Although we don't believe in timing the market or panicking over daily movements, we do like to keep an eye on market changes -- just in case they're material to our investing thesis.
After a flurry of data last week sent stocks to new highs, the Dow Jones Industrial Average (DJINDICES:^DJI) gave back 46 points, or 0.3%, today, in the lowest full-day trading volume of the year. With the bulk of earnings season in the rearview mirror and a few weeks left to squeeze out of summer, trading should be calm for the duration of the month.
One economic report was released today, the Institute for Supply Management's July Services Index, which jumped to 56 from 52.2 a month ago, beating estimates of 53.2. New orders were particularly strong, jumping to 57.7 from 50.8 in June, perhaps a sign of a strong recovery in the second half of the year. Adding further to that credence was the ISM's July manufacturing report, released last Thursday, which hit a two-year high.
UnitedHealth (NYSE:UNH) was the Dow's top dog today, bucking the overall trend and rising 1.5% on an overall strong day for health insurers. Peers Humana and WellPoint were up 1.5% and 1.8%, respectively, as well. There was no specific news on UnitedHealth, but with markets at record highs, investors may be looking to defensive stocks to stretch their gains, and UnitedHealth is one of the cheapest on the Dow based on P/E. With a revenue stream protected from the vicissitudes of the business cycle, and a potential market opportunity with Obamacare set to begin enrollment in two months, it could be a smart bet.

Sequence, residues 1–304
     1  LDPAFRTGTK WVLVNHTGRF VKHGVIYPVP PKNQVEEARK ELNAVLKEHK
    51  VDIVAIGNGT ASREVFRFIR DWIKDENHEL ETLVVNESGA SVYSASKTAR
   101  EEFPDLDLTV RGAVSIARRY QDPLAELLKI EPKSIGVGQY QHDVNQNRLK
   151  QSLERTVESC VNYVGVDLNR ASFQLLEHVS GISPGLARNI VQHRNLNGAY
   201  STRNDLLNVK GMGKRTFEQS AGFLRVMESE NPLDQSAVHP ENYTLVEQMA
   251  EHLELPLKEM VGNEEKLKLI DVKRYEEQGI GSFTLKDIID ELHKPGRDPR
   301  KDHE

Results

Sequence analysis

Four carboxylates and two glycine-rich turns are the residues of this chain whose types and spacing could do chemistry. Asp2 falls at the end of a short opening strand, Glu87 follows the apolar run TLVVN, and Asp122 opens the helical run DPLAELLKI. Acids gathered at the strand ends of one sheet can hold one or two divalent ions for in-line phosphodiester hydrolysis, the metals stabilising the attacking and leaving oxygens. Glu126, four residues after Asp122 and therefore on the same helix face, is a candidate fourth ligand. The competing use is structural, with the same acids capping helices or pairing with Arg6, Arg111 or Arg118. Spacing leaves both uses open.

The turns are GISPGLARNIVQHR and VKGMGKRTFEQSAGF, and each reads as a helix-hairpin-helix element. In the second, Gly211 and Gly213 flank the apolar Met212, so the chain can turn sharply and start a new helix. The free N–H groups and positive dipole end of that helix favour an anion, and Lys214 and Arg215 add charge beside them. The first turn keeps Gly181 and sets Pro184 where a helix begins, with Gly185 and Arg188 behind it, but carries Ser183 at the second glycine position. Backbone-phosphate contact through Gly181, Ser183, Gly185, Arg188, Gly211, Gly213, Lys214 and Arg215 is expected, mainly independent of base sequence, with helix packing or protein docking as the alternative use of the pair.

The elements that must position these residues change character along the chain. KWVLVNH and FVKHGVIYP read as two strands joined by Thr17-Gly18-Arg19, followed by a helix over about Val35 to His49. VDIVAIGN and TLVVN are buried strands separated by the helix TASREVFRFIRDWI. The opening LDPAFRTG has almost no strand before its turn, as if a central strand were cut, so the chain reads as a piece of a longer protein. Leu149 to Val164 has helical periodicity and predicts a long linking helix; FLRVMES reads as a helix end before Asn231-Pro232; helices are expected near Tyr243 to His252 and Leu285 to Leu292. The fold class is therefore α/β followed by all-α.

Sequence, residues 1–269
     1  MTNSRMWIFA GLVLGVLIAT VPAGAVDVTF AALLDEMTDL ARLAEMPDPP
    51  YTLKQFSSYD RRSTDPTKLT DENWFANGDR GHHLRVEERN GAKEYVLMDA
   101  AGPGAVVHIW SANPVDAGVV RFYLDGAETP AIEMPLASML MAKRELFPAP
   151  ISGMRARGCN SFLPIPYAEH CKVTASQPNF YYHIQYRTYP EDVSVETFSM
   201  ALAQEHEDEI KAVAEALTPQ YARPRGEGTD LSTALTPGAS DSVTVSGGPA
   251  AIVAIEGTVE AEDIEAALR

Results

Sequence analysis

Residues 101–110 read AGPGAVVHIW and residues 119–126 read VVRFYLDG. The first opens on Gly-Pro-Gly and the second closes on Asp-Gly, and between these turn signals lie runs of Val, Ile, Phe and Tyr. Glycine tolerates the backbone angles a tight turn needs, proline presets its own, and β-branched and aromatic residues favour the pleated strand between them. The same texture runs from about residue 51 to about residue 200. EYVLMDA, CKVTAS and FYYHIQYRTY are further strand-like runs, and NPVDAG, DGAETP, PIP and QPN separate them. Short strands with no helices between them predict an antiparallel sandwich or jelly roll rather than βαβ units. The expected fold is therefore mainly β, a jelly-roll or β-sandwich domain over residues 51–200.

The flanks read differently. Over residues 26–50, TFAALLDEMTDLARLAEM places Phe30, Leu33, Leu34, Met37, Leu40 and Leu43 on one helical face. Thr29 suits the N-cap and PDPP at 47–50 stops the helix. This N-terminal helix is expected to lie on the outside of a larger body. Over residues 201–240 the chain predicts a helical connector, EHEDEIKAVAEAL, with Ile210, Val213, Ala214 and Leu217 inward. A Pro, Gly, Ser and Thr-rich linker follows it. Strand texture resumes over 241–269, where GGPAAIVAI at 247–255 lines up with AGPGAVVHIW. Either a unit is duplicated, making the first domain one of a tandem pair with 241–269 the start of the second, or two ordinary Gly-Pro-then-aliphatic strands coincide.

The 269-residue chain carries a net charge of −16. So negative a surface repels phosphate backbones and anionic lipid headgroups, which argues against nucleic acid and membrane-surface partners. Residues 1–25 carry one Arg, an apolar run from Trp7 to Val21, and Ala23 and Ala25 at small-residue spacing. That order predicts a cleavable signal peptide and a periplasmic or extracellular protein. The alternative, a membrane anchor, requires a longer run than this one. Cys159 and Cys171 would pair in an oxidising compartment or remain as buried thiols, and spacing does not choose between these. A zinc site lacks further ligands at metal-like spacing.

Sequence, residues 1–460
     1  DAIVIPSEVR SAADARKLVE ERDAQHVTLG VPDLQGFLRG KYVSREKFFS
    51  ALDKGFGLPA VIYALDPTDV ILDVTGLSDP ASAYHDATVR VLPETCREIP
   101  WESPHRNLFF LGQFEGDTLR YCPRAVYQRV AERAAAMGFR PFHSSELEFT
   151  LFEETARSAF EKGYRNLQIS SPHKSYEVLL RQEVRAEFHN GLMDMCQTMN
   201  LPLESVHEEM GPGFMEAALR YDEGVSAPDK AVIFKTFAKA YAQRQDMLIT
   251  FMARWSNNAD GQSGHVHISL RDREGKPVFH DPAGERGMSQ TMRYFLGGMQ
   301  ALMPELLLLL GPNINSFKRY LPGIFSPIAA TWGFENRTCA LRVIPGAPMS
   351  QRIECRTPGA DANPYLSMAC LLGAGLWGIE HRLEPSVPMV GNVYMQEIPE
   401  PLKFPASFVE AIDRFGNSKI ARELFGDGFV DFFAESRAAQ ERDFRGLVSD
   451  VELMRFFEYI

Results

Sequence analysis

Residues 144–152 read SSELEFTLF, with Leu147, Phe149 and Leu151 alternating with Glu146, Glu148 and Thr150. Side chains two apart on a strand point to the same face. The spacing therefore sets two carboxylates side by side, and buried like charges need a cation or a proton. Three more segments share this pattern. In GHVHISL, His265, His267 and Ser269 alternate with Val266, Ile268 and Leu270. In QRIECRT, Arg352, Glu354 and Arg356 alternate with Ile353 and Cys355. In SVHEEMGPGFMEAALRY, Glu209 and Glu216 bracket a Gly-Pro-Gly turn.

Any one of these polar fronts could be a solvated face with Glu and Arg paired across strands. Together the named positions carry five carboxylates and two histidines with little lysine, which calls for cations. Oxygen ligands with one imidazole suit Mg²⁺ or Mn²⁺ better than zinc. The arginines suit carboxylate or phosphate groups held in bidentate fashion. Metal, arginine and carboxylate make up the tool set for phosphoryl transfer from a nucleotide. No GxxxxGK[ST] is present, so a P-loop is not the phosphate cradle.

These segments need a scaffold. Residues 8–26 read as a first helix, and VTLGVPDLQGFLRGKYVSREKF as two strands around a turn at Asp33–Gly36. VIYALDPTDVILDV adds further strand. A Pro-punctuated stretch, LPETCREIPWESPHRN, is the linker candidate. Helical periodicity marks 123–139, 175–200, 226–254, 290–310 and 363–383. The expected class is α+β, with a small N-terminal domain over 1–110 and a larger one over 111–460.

Intel (NASDAQ:INTC), meanwhile, was the Dow's biggest loser today, falling 1.3%, though much of that drop seemed to be due to the stock going ex-dividend today, meaning that it's next quarterly dividend will be paid to shareholders who held the stock yesterday. While Intel pays off the Dow's biggest dividend yields at 3.9%, investors wanting growing dividend payments should look somewhere else as the chip maker revenue and profits have been falling sharply recently amid a secular decline in the PC market. Considering that it will be spending the next few years refocusing its chips on tablets and other new media in order to grow profits once again, I wouldn't expect a dividend hike anytime soon.
Outside the Dow, Apple (NASDAQ:AAPL) finished up 1.5% after the Obama Administration vetoed an International Trade Commission ruling that Apple could not sell older models of iPhones and iPads through AT&T because it violated a Samsung patent. It was the first such veto by a president of an ITC ban in 25 years. The veto will not make a huge difference to Apple's bottom line as the older models do not sell well anymore, but it still represents an important win in the patent wars for Apple against perhaps its biggest rival.